An expert opinion submitted to the court disputes the indictment in which it was claimed that Amiram Ben Uriel wrote the two inscriptions of graffiti on the night of the incident under investigation in the infamous and controversial Duma case.
According to the opinion, both inscriptions were written by two different people, and Ben Uliel is not one of them.
The psychologist and graphologist Dr. Batya Cohen-Kroyturo will testify today, Wednesday, at the hearing of the defense witnesses in the Duma trial, testimony which will strengthen the line of the defense which claims that Ben Uliel has nothing to do with the act.
For the expert opinion, Dr. Cohen-Kroyturo was asked to examine whether the graffiti from the village of Duma corresponded to Ben Uliel's handwriting, and whether the inscriptions were written by the same person. Ben Uliel was required to write a number of documents in his handwriting, which Cohen-Kroyturo compared to the graffiti.
Cohen-Kroyturo found complete incompatibility between Ben Uliel's handwriting and the graffiti. "After a deep, thorough and systematic examination, a complete lack of similarity was found between the two documents (the graffiti) and the group of documents (written by Ben Uliel)."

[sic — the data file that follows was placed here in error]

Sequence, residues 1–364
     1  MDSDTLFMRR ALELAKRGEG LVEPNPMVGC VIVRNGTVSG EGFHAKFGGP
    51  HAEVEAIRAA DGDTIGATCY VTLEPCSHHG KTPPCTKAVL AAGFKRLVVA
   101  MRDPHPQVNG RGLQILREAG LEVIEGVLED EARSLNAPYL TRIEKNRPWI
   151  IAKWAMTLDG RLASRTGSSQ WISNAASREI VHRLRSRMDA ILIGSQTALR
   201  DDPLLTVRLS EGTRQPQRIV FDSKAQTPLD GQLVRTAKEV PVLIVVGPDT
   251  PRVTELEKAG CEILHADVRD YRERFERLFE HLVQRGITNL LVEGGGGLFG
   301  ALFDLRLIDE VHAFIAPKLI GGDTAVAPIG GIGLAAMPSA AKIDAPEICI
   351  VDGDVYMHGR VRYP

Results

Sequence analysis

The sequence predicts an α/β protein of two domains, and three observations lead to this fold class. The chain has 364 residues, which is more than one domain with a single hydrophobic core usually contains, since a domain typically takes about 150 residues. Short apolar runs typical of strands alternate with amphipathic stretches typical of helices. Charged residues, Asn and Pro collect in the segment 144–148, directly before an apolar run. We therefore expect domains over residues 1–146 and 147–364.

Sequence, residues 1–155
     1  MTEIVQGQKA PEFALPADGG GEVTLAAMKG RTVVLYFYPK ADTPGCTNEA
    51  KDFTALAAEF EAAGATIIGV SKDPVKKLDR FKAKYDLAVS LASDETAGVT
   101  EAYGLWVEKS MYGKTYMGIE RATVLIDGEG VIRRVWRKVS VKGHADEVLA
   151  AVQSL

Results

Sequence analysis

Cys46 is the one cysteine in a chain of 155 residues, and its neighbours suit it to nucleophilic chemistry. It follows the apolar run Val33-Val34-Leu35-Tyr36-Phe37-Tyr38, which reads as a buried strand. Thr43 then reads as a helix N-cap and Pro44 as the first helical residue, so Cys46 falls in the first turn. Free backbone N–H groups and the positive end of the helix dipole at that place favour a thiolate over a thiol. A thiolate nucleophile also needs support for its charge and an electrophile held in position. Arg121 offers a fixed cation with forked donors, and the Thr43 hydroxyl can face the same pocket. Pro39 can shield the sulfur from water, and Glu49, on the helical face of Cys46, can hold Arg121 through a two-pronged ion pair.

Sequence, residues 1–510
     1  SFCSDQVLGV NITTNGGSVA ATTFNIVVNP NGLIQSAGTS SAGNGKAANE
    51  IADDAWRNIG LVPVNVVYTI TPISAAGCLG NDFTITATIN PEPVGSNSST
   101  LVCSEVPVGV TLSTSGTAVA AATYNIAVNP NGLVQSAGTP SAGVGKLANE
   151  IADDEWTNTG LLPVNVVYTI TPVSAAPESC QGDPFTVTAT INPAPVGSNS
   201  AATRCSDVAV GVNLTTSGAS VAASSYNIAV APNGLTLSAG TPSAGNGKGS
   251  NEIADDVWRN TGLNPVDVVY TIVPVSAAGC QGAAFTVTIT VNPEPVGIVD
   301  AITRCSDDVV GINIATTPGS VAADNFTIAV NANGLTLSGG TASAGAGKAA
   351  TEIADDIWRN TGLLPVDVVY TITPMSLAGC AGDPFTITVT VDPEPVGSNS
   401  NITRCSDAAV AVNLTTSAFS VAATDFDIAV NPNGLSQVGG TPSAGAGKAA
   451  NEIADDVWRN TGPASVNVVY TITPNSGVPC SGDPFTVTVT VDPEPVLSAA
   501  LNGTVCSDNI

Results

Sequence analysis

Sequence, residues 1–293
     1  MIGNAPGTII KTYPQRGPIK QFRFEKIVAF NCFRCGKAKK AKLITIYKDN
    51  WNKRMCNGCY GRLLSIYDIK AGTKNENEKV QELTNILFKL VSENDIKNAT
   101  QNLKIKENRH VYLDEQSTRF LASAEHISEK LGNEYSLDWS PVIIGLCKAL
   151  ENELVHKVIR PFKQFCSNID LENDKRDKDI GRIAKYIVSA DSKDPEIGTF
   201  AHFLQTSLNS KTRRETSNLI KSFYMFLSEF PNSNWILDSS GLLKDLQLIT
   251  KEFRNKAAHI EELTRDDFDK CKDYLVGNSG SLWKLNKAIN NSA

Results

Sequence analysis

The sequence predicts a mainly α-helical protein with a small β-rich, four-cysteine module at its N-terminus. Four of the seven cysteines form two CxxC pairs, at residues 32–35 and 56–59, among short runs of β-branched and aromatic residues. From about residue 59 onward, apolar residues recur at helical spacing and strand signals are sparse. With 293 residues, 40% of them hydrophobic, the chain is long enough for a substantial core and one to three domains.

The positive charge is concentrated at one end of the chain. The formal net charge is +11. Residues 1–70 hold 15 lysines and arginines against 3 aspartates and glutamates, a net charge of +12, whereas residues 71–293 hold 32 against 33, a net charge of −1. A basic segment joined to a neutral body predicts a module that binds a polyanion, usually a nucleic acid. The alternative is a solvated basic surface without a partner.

Regarding the examination of the correspondence between one graffiti inscription and the other, it was written: "Also, after a fundamental, thorough and systematic examination, a complete lack of similarity was found between the two documents (the graffiti), ie. the documents were written by two people."
In addition, the reconstruction of the graffiti that Ben Uliel was asked to make during the Shin Bet interrogation in which he admitted to the arson was examined. Regarding these, too, she stated that "There is a complete lack of similarity. At a very high level of significance."
Cohen-Kroyturo detailed the characteristics that she examined: the size of the writing, the angle of writing, beginnings and endings, length differences, width and form of writing, line thickness, the tilt of the writing and more. As noted, according to her examination there was a complete lack of similarity between the graffiti and the handwriting of Ben Uliel, and between one graffiti inscription and the other.
These findings contradict the indictment, in which it is claimed that Ben Uliel was alone in the village of Duma on the night of the arson, and he wrote the two graffiti inscriptions.